14 Ongoing Administrative Costs. These costs include the administrative burden incurred over the life of the contract(s) and are not typically as intense as the initial administrative burden incurred when setting up the contract(s). The sole- source option typically has a slight advantage because it is assumed it may more easily be set up with contractual features that ease ongoing administrative burden such as a lump sum schedule of payments, for example. 22.214.171.124 Base Price This cost refers to the total cost of the O&M services paid out over the life of the contract. Although O&M costs are typically paid monthly and allocated by year within the airportâs fiscal year budget, it is typical that the total cost of the contract must be covered by the airportâs financial resources at the time of award. As previously stated, not enough case history exists to predict which provider is most likely to win a competitive procurement. However, it is a widely held contractual axiom that competi- tion is a powerful incentive for all proposers to offer their very best (lowest) price. Thus, it can be reasonably assumed that the contractual options involving competition have an advantage in the measurement factor of base price. 126.96.36.199 Escalation Cost Following the implementation cost and base cost of the O&M contract, the airport authority must be prepared to cover escalation costs. Often, the multi-year O&M contract is set up with pre-established escalation clauses built into the contract. Such clauses may provide for a reasonable set amount of yearly escalation that may be adjusted if various accepted indices indicate such adjustment is warranted. The airportâs contract administrators will have the expertise to set up escalation clauses within the contract that fairly protect the interests of all parties. The following two sub-factors should be considered with regard to escalation. Labor. Escalation of labor costs is the easier of the two sub-factors to address because numerous published cost indices assist in verifying and/or establishing such costs. Such indices vary from common to specialized. The airportâs con- tract administrator will be familiar with the most appropriate indices to apply. Parts, Spares, and Consumables. Verifying the actual escalation of the costs for parts, spares, and consumables, particularly if they are proprietary, is difficult because no specific indices exist to gauge or verify such costs. Because cost escalation for these items can be considered to be somewhat built into a sole-source contract, the sole-source procurement option has the advantage with regard to this sub- factor. Because it is understandable and it can be expected that any supplier will strive to keep its actual costs for these items closely held, all other procurement methods have a considerable disadvantage with regard to this sub-factor. 3.3.2 Measurement Factor: Risk Because airport APM systems are critical to ongoing airport operations (particularly those APM systems of a must-ride nature), and because all involve the health, safety, and welfare of the public, risk is an important measurement factor. See Figure 3 for rankings for the risk measurement factor. 188.8.131.52 Continuity Disruption Continuity disruption refers to the risk of disruption attributable to the procurement option that manifests itself in disruption to the operations and maintenance of the APM. Examples of such disruption are a drop in system availabil- ity or an increase in downtime events. The following two sub-factors can be considered with regard to continuity disruption. Initial. Initial disruption includes any disruption attrib- utable to the initial hand-off or transitional period between two contracts resulting in different O&M providers. The sole-source procurement option has by far the least risk with regard to this sub-factor because there would be no hand-off or transition. Ongoing. Ongoing disruption includes any disruption attributable to changes in staff. It is assumed that the pro- curement options that use the original APM supplier or the airportâs in-house staff have a depth of replacement staff that would give them a slight risk advantage with regard to this sub-factor. 184.108.40.206 Technical Expertise Technical expertise refers not only to the expertise of the on-site O&M staff but also to the corporate expertise and resources (both human and physical) available that can be considered as an available backup to on-site resources. In terms of risk, it is the lack of or the disruption of these resources that is relevant. Depth and Availability of Experienced Labor Pool. With regard to this sub-factor, the sole-source procurement option resulting in the original supplier providing the labor has an advantage and the least risk. Even if a third-party O&M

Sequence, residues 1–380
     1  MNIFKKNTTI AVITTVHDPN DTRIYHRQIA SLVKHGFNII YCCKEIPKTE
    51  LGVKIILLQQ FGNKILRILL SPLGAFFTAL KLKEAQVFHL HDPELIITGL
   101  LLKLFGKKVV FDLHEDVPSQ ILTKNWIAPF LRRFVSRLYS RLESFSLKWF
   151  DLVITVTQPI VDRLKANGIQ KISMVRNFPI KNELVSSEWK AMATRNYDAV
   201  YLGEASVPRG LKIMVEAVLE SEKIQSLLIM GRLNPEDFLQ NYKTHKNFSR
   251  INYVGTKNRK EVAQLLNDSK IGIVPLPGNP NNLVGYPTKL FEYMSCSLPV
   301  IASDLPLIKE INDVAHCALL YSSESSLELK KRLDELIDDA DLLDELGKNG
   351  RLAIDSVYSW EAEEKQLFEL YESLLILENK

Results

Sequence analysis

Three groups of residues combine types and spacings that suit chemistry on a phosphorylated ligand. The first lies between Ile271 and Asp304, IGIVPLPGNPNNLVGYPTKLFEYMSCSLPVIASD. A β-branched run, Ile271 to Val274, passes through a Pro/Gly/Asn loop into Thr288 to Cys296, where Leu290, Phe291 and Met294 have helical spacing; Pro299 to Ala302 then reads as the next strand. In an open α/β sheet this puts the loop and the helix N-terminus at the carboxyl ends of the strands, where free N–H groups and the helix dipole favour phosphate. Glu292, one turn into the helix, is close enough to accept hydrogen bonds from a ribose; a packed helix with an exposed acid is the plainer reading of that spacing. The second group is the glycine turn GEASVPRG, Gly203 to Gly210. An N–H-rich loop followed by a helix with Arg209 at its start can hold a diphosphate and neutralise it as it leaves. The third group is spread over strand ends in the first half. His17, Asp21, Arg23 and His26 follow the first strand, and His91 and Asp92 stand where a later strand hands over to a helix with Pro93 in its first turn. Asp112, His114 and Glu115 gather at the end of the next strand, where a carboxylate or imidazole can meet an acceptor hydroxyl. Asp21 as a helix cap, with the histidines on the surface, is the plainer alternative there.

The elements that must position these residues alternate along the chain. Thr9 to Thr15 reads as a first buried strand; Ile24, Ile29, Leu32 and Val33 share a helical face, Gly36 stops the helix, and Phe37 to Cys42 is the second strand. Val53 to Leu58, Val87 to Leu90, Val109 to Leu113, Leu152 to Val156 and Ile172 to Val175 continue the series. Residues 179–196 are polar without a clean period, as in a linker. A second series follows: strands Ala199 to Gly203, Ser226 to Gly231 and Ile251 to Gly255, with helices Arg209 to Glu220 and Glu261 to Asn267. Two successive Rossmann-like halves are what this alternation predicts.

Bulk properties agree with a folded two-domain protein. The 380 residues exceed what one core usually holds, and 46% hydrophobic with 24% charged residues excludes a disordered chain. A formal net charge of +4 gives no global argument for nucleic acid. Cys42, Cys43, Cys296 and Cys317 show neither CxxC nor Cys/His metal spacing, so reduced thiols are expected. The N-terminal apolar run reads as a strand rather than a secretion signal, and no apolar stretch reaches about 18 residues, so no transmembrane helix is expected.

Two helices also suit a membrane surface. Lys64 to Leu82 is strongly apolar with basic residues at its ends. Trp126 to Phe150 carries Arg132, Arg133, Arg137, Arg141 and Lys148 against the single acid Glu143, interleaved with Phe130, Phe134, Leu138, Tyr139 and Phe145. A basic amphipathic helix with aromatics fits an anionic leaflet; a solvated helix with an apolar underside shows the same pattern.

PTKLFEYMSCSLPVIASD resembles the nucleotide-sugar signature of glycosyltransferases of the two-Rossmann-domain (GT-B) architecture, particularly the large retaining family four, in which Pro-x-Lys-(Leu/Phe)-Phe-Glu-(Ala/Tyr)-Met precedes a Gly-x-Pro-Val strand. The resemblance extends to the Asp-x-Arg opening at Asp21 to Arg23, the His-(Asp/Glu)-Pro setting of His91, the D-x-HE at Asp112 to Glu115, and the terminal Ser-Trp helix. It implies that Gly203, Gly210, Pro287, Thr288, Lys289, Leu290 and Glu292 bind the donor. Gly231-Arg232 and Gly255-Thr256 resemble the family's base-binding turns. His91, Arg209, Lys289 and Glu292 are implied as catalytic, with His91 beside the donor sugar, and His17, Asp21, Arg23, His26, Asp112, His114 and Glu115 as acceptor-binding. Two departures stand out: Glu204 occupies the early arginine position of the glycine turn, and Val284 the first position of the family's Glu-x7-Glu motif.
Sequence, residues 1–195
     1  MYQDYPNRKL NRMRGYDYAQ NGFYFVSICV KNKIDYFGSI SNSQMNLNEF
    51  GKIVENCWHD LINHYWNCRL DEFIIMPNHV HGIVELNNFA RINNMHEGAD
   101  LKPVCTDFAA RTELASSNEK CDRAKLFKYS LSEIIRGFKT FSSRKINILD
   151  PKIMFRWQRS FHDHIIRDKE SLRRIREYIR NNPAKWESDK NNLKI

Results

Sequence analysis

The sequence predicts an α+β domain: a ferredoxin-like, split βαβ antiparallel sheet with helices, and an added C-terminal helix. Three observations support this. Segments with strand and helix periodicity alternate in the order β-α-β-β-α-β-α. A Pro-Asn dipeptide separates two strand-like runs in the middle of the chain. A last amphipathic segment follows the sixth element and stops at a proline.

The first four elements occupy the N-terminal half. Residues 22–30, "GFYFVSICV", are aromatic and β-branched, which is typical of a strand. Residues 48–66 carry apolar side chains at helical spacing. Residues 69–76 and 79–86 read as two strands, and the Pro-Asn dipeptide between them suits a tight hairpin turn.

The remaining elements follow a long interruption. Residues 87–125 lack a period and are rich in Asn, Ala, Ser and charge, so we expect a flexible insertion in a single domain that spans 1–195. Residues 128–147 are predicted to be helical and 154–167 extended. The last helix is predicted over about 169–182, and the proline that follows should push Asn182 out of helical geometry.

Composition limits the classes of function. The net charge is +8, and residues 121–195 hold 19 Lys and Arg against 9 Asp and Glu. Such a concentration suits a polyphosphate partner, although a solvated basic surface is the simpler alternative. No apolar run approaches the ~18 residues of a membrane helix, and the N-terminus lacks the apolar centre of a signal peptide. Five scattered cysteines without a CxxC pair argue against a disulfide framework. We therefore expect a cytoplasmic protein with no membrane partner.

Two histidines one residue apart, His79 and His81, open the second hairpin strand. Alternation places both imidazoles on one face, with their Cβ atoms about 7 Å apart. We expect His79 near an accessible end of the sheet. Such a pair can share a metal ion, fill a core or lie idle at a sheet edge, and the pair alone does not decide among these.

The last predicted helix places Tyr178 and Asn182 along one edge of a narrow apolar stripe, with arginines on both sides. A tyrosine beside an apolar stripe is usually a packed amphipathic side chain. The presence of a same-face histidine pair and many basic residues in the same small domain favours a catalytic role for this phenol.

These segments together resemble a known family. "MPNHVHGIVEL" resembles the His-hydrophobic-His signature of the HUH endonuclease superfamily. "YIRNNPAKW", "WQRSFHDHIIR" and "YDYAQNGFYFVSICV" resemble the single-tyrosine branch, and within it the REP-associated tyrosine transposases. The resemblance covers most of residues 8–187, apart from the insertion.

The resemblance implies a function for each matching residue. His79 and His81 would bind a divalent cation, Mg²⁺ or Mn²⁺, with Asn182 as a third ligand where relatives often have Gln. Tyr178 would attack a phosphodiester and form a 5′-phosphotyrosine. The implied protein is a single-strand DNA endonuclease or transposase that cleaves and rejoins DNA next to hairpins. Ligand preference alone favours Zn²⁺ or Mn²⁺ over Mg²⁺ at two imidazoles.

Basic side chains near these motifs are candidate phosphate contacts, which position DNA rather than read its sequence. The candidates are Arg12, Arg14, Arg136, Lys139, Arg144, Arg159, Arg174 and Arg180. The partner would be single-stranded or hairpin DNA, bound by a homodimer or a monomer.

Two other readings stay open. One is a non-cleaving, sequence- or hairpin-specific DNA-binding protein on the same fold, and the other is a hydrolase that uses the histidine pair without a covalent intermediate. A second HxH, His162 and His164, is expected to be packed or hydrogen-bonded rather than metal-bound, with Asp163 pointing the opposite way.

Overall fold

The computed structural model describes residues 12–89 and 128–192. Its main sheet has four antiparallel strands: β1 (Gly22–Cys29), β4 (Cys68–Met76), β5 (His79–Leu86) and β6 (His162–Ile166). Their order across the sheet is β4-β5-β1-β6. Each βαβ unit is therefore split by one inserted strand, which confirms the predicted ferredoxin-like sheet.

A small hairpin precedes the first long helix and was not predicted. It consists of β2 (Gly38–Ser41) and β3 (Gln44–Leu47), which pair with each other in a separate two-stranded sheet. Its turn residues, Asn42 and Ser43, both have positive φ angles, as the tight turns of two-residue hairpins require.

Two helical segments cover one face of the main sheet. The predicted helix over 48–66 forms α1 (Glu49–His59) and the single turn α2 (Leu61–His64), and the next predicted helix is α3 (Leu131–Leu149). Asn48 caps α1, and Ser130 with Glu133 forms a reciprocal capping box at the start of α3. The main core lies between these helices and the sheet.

15 provider is a large APM supplier with a large backup labor pool, it is likely not a labor pool versed in the specifics of the APM technology at hand. Availability and Speed of Delivery of Parts and Spares. This sub-factor, like the previous sub-factor involving the labor pool, incurs the least risk by sole sourcing the original APM supplier. As with the labor pool, even if a third-party O&M provider is a large APM supplier with an excellent system of parts warehousing, tracking, and delivery for their own APM systems, these parts are not the parts needed for the specific APM technology at hand. Parts, Hardware, and Software Long-Term Sustainability. This sub-factor again favors the procurement option that sole sources the original APM supplier in terms of reducing the risk of losing long-term sustainability of parts, hardware, and software. It could be argued that a third-party O&M provider could, over time, make strides in providing and sustaining the supply of these items. However, the more likely real-world scenario is that the original supplier would continue to evolve, change, and improve upon these items, leaving a third-party O&M provider in an increasingly untenable situation with regard to this risk. 220.127.116.11 Legal Issues There is little risk of legal issues disrupting the smooth flow of O&M services in any of the procurement options, and in both of the following sub-factors, risk is nearly equal (and neutral) among all options. Initial. The initial effort and time involving legal inputs and opinions is virtually equal for all procurement options because the primary product of the legal efforts will be the determination of which procurement options are available and what particulars must be incorporated to ensure the legality of the procurement. There is little risk involved in this process. Ongoing. With regard to ongoing legal issues and risk, it can be assumed that the sole-source procurement methodol- ogy resulting in the selection of the original APM supplier has a slight advantage over the other procurement methods. This is based on the assumption that once awarded, this contract would likely incur no further legal issues at all. 18.104.22.168 Proposer Pool Figure 3 indicates âN/Aâ for the procurement options involving sole sourcing and in-sourcing the O&M services with regard to the proposer pool. This is because these two options do not involve the proposer pool. The other two procurement options that involve a third-party O&M provider or the small on-call contracts with the original supplier are shown with a negative risk ranking in consideration of the possible con- tractual complications. For instance, an upstart third-party O&M provider might propose an unrealistically low price due to its lack of understanding of the scope of real-world O&M requirements. The contractual and legal time and effort required to resolve this situation (such as finding the proposer not responsible) could risk complications if it were to happen within a timeframe of imminent expiration of the existing O&M contract. Figure 3. Rankings for risk measurement factor.